• zero touch switch configuration – no logging in box per box; the GUI will even tell you if you cabled something wrong
  • control and data plane separation – packets keep moving when controllers go down, but note that new switches to the fabric are out of luck when all controllers are down, there is no default forwarding behavior
  • service chaining to multiple devices – you can send packets out to multiple devices, like a cluster of firewalls or load balancers, and when they come back the controller recognizes that fact and sends them where they need to go next.
  • test path feature- track down the exact logical and physical path packets are taking and what policies they hit
  • OpenStack – plugin integration with OpenStack Neutron

So that’s Big Cloud Fabric in a nutshell. A software defined delicious nutshell. That you could actually eat.

 

*Never underestimate the power of giving engineers the ability to run your product in a lab scenario, nothing helps engineers “get it” better than doing the configuration themselves and seeing the product in action. The effort Big Switch put into the beta lab demo clearly showed, kuddos to them.

**Big Switch spends a good amount of time in their presentations helping people get comfortable with the notion of OpenFlow and their particular architecture, including using comparisons to traditional supervisor/line card models, references to terms like VRFs/VLANs that relate to traditional networking, and debunking some common OpenFlow myths. Definitely worth watching the suite of recorded videos here for more details.

Disclaimer: While Networking Field Day, which is sponsored by the companies that present, was very generous to invite me to this fantastic event and I am very grateful for it, my opinions are totally my own, as all redheads are far too stubborn to have it any other way.

Published 9/29/2014

A Brief Interlude for OpenFlow

In this post I am going to veer away from voice-related topics ever so briefly to chime in on OpenFlow networking, hitting specifically on HP’s Open Flow’s story – why HP’s story? Well, frankly, because @hp_networking invited me to a briefing on the subject this morning and OpenFlow is freaking cool.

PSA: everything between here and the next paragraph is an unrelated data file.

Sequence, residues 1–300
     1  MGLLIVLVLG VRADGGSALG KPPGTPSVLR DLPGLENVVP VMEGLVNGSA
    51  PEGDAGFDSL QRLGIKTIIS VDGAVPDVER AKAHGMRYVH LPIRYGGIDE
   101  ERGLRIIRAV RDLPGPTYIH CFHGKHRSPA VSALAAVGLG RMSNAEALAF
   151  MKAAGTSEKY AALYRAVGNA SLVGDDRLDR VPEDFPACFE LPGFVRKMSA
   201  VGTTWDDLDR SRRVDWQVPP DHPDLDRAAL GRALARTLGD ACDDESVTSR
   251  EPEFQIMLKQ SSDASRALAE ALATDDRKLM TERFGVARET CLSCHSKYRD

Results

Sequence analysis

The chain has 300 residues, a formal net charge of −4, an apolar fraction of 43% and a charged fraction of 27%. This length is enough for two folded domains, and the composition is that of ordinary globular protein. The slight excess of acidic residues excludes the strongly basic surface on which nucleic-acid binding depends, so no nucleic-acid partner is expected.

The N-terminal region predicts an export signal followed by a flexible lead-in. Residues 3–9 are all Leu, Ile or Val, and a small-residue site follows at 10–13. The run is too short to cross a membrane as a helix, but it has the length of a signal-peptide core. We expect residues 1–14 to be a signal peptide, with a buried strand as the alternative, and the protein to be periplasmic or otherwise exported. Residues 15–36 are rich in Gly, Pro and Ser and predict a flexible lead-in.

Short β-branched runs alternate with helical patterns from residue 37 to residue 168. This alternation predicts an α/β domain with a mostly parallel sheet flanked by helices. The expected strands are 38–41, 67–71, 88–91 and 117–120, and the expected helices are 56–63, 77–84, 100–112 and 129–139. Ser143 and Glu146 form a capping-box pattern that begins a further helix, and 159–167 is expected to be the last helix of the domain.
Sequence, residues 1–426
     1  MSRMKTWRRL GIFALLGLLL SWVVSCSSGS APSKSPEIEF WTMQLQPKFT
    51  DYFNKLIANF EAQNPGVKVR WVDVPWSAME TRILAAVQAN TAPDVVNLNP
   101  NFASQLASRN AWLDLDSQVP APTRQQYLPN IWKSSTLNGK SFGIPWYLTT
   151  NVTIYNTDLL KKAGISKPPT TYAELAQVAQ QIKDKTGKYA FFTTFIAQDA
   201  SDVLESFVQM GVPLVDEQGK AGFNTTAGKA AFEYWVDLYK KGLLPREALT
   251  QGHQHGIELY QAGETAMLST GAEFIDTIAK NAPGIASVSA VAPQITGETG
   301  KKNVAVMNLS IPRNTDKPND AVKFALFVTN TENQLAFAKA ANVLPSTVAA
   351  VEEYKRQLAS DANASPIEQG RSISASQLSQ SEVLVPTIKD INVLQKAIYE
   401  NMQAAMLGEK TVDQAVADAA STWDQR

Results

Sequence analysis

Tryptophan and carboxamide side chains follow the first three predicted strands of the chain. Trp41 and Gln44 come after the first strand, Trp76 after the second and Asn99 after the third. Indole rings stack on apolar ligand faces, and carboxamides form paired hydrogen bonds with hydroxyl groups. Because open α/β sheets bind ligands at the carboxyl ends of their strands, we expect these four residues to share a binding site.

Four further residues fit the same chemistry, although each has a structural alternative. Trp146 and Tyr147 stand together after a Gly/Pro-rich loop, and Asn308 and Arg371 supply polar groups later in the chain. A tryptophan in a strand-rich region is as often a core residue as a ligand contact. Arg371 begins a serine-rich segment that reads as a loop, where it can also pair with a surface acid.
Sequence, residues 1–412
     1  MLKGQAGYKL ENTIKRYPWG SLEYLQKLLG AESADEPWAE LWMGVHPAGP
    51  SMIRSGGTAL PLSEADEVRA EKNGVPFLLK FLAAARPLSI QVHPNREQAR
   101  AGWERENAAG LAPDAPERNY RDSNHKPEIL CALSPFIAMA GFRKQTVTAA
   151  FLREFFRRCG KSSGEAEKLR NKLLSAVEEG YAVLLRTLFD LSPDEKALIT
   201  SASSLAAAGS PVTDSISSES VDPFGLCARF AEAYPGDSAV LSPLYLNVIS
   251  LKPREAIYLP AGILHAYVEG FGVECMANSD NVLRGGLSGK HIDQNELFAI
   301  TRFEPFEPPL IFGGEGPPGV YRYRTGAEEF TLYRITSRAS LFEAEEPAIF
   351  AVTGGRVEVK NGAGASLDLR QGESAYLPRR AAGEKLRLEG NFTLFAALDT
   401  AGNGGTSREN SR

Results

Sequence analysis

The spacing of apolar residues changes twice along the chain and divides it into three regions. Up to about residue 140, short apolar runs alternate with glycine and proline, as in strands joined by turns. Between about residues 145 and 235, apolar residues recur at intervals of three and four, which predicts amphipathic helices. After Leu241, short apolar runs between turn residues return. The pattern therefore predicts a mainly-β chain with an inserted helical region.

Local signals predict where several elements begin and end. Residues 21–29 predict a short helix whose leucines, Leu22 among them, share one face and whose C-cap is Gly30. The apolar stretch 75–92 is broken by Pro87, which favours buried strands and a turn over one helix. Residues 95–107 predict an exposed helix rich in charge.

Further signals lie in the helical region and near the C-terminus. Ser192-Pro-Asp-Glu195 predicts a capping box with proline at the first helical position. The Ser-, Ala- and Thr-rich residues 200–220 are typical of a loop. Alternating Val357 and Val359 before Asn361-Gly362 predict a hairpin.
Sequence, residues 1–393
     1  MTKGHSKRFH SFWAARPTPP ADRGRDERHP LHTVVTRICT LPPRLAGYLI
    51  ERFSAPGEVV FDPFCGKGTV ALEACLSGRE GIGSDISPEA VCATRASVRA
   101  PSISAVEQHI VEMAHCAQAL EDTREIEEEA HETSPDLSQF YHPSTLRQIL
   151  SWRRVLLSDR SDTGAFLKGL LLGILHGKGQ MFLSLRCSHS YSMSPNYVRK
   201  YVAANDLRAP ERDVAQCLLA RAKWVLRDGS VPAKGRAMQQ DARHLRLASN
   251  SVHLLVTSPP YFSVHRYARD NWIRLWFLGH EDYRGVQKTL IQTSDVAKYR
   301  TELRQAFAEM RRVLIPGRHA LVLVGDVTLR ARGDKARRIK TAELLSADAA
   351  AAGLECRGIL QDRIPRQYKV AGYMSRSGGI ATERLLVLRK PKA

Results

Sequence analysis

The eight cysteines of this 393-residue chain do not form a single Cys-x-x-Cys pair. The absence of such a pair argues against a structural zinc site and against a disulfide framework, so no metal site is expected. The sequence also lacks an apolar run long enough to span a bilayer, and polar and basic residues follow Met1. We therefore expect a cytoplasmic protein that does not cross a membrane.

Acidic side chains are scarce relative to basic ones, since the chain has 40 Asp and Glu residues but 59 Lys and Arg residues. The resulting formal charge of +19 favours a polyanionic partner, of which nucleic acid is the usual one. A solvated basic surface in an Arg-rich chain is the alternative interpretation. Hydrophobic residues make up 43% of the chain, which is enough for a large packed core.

So what could I possibly say about OpenFlow and software defined networking that @etherealmind, @ecbacks, @ioshints, and other networking gurus haven’t already written about?  Not much. In my defense, however, those guys are blogging machines!

So my point in this post:  HP *has* an OpenFlow story.  Honestly, hadn’t caught that before – but to hear them tell it they have been working with OpenFlow founders since it started as a science experiment in someone’s basement (no, not really a basement- well, maybe a basement). Recently HP announced they were making all (well almost all) of their switches OpenFlow capable.  http://www.networkworld.com/news/2012/020212-hp-openflow-255641.html

Why does this matter? Um, because in my opinion, if these guys are doing it, the reality is OpenFlow is here and looking for a place to settle in.

Where exactly is it settling in at? Is it like the 800 pound gorilla, wherever it wants to?  I’m not so certain about that one, but the flexibility OpenFlow offers means you can toss a slew of issues at it and adapt a solution to meet the needs of the moment.  At least that’s the hype – and from what I can tell – a very plausible reality being implemented now.

If you want to get educated on OpenFlow I highly suggest checking out the resources I’ve listed below. Or take Greg out for a drink, pretty sure after one or two rounds, he’d be more than willing to talk your ear off about it.

http://etherealmind.com

http://packetpushers.net

http://ipspace.net

http://techfieldday.com/2011/openflow-symposium/

https://www.opennetworking.org/

Publish Date: 2/2/2012